Startups face fight to weather health storm

By YANG HAN in Hong Kong | China Daily | Updated: 2020-05-28 07:53
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Ni Xinxin livestreams plant sales from his greenhouse in Feixi county, Anhui province. [Photo/Xinhua]

Many startups are attempting to prove that they have a market fit, but to remain on that path and sustain business growth, they require funding, Laboutka said. He added that unlike large and established companies with more stable cash flows, startups that have yet to turn a profit would be unable to survive without fresh funding.

Cong-Thang Huynh, co-founder of InnoLab Asia, an open innovation platform based in Vietnam, said only about one-third of the startups it is working with can survive the market turbulence.

InnoLab Asia is an implementation partner for Open Innovation Vietnam, a national initiative to build a startup and innovation ecosystem in the Southeast Asian country by 2025.

In addition, Huynh said some of the startups that worked with the platform in Vietnam last year, "do not respond to (our inquiries) now".Regional startups have begun to optimize their businesses and reconsider ongoing partnerships, he added.

Huynh said some events planned by InnoLab Asia have been affected by the pandemic. For example, the Vietnam Innovation Summit 2020, a technology gathering co-hosted by InnoLab and Vietnam's Ministry of Science and Technology, has been postponed from August to the first or second quarter of next year.

However, there is always a silver lining in any crisis. In Southeast Asia, leading venture capital companies such as 500 Startups are still making about one investment a week in the market, according to the company's general partner Vishal Harnal. Based in Singapore, he oversees investments in Southeast Asia.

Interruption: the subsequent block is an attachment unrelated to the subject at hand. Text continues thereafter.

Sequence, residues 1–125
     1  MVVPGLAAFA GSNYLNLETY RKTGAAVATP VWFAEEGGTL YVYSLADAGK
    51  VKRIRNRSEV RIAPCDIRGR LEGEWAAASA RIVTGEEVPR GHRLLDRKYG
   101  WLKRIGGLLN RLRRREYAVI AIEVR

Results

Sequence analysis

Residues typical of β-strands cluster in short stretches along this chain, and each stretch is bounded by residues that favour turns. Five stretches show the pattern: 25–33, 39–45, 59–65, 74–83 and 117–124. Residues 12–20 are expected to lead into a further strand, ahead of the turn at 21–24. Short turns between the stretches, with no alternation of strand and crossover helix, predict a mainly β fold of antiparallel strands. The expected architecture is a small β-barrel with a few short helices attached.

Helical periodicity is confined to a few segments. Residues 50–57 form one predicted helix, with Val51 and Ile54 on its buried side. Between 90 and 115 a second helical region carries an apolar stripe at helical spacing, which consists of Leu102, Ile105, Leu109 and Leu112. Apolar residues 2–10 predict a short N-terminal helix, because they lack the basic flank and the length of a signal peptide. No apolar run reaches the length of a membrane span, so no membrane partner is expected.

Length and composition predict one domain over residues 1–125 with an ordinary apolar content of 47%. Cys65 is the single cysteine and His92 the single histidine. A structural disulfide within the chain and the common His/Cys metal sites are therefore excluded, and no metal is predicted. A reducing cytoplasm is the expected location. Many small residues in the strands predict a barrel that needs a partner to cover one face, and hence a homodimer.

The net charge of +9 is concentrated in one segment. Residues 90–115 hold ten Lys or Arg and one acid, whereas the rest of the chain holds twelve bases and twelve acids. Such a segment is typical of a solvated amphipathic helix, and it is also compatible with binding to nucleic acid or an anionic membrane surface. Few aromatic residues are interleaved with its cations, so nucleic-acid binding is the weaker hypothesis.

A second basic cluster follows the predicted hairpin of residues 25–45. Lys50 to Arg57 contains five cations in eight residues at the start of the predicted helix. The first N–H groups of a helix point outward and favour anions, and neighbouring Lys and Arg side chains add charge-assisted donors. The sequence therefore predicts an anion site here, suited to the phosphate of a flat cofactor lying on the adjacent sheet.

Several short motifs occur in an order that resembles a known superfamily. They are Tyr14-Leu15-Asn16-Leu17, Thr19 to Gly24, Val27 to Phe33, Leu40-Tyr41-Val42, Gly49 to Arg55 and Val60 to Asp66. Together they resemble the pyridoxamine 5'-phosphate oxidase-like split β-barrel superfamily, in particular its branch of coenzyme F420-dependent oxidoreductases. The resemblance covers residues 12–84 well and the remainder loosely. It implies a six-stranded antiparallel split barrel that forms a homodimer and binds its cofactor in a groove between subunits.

Harnal said that while investors are now taking a more cautious approach, this sentiment is likely to change once the situation "becomes a new normal".

"Firms and investors will become more comfortable with COVID-19 and the opportunities that it presents. We will see firms gradually starting to pick up the pace of investment," he said.

Referring to market downturns caused by severe acute respiratory syndrome, or SARS, and the Zika virus, Harnal said that despite a dip in funding and a high casualty rate for startups, the "ecosystem "for them is expected to bounce back in 12 to 24 months after an outbreak ends.

"There are a few things that are quite interesting about Southeast Asia's (startup) ecosystem that make it a little different from others," Harnal said.

He added that many of the region's venture capital investors have not been through a recession, as this ecosystem only started to thrive in 2010 after the global financial crisis.

Meanwhile, a significant amount has been raised in venture capital funds. Harnal said, "Toward the end of March, there was close to $4 billion in dry powder sitting in Southeast Asian venture capital firms, which means that while the firms have never really navigated through a recession, everyone is sitting on a ton of capital right now that can be ready to deploy."

Dry powder is an industry term used to describe the amount of cash reserves or liquid assets available for investing in new opportunities. As of December, the global private equity industry's dry powder, including venture capital, reached a record-high $1.43 trillion, almost double the amount available five years ago, according to a report by alternative assets industry research company Preqin.

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